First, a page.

Every year, at this time, something happens to me. Maybe when the sap begins to rise in the trees, there is an answering rise of sap in human bodies as well. This human body feels it acutely and so the counting begins. What do I count? The appearance of each new, fresh as dew, phenomenon. First Crocus. First Robin. First Dandelion. First Picnic Tables in front of Ace hardware. First sound of a lawnmower.
You psychologists out there will be having a field day with my OC symptom of counting. I've been doing it so long, it's worn a deer trail of neural pathways into my grey spongy stuff. So let the counting begin.
Today marks the first whiff of my personal favorite 'first', the dreamy, aromatic scent of cottonwood trees. More specifically, within the woody terminal buds, the inner bud scales are saturated in an ambrosial resin.
This resin exudes a scent that is beyond description. Usually, I have no problem describing things...slathering a sizzling string of adjectives in front of some hapless noun. Not this. Nope. No can do. But you want to take a shot at fitting a handle on cottonwood scent, check out this wonderful resource for perfume descriptives.
When these buds first open, this perfume spreads like an invisible mist over the whole town. Up in the woods, it is positively intoxicating. Every time I open my front door, my nose smiles. It feels like an oceanic blessing. Yet, strangely enough, every year when I rhapsodize about this experience, I'm usually greeted with a cavernous yawn of indifference. Aside from the precious few, who like me, fall helplessly under the spell, it seems the rest of my compatriots are immune to the dreamy rapture wafting from Populus deltoids occidentalis.
So today I noticed the first whisper of a scent that I have been trying (unsuccessfully) to describe for 20 years.
What a tree! In the spring, a harvest of perfume . A few weeks later, bud scales cascade to earth like a mahogany snowfall. A while after that, the male flower catkins finish blooming (see above) and rain down like a plague of dead caterpillars, spackling cars, sidewalks, bicycles, garden boots, lawn furniture, garden tools, and especially pets.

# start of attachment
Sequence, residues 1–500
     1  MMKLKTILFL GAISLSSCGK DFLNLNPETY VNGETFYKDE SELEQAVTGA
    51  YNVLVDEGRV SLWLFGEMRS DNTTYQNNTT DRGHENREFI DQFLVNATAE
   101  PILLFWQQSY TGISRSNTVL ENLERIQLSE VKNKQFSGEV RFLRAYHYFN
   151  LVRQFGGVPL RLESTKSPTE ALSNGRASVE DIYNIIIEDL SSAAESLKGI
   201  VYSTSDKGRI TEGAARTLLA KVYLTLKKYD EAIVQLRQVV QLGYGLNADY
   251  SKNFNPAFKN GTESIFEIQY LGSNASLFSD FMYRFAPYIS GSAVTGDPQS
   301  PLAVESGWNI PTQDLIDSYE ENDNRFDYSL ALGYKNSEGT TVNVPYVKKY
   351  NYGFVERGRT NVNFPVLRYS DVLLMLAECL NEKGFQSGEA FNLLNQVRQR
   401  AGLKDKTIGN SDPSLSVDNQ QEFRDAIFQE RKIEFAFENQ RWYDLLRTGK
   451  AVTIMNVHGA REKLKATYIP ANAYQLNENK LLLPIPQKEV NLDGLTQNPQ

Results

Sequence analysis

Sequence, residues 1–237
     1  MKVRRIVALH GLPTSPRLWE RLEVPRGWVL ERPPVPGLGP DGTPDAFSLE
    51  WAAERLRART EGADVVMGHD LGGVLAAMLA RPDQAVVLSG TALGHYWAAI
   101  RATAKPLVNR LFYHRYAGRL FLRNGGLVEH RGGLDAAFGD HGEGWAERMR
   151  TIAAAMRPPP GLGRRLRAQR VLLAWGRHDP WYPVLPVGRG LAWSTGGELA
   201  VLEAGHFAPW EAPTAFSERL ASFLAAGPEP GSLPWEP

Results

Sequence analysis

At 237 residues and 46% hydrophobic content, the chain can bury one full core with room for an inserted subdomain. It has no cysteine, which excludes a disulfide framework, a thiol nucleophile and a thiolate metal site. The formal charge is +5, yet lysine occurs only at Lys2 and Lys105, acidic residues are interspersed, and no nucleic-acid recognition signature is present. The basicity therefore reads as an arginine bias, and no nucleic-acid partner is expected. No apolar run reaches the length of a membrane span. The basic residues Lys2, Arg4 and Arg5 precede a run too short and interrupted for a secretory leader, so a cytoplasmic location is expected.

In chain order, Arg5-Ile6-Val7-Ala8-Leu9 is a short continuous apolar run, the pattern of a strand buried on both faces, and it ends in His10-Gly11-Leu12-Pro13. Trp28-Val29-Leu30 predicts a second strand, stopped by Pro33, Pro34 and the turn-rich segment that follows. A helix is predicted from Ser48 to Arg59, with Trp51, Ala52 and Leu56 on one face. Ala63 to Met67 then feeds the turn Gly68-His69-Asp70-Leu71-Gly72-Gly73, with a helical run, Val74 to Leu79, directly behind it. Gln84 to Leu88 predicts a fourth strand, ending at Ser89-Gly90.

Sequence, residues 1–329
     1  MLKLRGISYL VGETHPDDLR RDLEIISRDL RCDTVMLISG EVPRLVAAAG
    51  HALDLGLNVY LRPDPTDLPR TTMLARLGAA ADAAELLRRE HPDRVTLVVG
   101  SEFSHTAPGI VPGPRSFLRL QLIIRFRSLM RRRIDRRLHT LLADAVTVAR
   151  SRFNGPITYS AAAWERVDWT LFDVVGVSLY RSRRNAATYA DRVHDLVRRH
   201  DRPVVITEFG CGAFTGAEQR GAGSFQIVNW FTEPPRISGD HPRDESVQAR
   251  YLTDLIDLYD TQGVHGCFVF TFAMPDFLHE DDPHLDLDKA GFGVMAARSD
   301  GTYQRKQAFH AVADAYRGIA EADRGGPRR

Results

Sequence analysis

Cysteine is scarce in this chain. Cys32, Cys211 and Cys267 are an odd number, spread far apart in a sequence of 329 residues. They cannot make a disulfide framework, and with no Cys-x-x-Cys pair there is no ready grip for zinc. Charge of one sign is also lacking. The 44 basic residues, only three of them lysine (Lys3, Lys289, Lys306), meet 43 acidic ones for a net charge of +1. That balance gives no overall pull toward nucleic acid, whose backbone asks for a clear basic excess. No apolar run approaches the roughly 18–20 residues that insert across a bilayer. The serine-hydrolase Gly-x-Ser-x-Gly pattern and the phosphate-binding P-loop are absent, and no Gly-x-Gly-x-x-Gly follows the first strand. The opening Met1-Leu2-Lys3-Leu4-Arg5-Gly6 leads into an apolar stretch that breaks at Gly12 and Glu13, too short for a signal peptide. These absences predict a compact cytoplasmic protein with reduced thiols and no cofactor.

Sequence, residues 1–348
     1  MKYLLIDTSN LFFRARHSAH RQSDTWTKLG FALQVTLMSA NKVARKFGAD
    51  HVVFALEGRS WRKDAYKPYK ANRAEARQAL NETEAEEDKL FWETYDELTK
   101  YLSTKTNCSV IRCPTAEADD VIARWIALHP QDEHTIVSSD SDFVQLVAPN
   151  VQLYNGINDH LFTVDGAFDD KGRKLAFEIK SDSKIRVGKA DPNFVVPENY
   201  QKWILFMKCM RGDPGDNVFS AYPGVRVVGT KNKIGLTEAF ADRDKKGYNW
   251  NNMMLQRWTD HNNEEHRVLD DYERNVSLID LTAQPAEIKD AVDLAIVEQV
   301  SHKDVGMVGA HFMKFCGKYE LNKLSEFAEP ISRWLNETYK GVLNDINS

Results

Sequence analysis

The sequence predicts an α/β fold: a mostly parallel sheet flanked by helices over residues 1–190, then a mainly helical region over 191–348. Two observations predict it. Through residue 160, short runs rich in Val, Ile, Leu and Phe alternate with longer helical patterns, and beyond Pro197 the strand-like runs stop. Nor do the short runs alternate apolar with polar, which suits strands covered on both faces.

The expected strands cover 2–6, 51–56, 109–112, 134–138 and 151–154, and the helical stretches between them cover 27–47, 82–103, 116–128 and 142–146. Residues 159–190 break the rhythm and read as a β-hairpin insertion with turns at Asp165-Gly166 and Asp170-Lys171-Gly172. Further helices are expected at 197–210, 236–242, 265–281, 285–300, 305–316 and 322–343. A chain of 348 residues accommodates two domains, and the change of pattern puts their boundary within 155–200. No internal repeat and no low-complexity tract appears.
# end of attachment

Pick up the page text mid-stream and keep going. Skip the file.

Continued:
Then comes the cotton, great rolling whisps like angel tumbleweed auguering sidewise along pavement in little spirals. We wear it in our hair.
I remember one day last spring, frisky breezes started unloading the cottonwoods like teamsters. Then the roiling spirals of fluff started filling First St. by Riverside Park. Like a low flying cloud layer it hovered, drifting indecisively this way and that. Albino cotton candy taking a leisurely romp through town. Surreal as an alien life form.
We won't even talk about the leaves that eventually make their way earthward. In sheer tonnage, cottonwoods put all other trees to shame. But that's too far in the future to worry about. I think the prodigious output of cotton, catkins and especially leaves, is what causes some folks to curse cottonwoods like they do burdocks and dandelions.
Two weeks ago, the cottonwood buds began to swell. They're still pretty tight, but as of today, they're just starting to leak their woody incense. In another week, I'm betting on them popping open, maybe a week after that they fall...and so on.
I'll let you know the day when our town gets hosed with that melifluous, resiny sweetness, so if you live where cottonwoods grow, you can run outside and take great snorts of this heady treat and be glad, oh so glad, you're alive in your cottonwoody city, burrough, or mountainside retreat.
Look for other firsts that will be appearing daily in this springtime extravaganza of sensory exuberance.
I can hardly wait!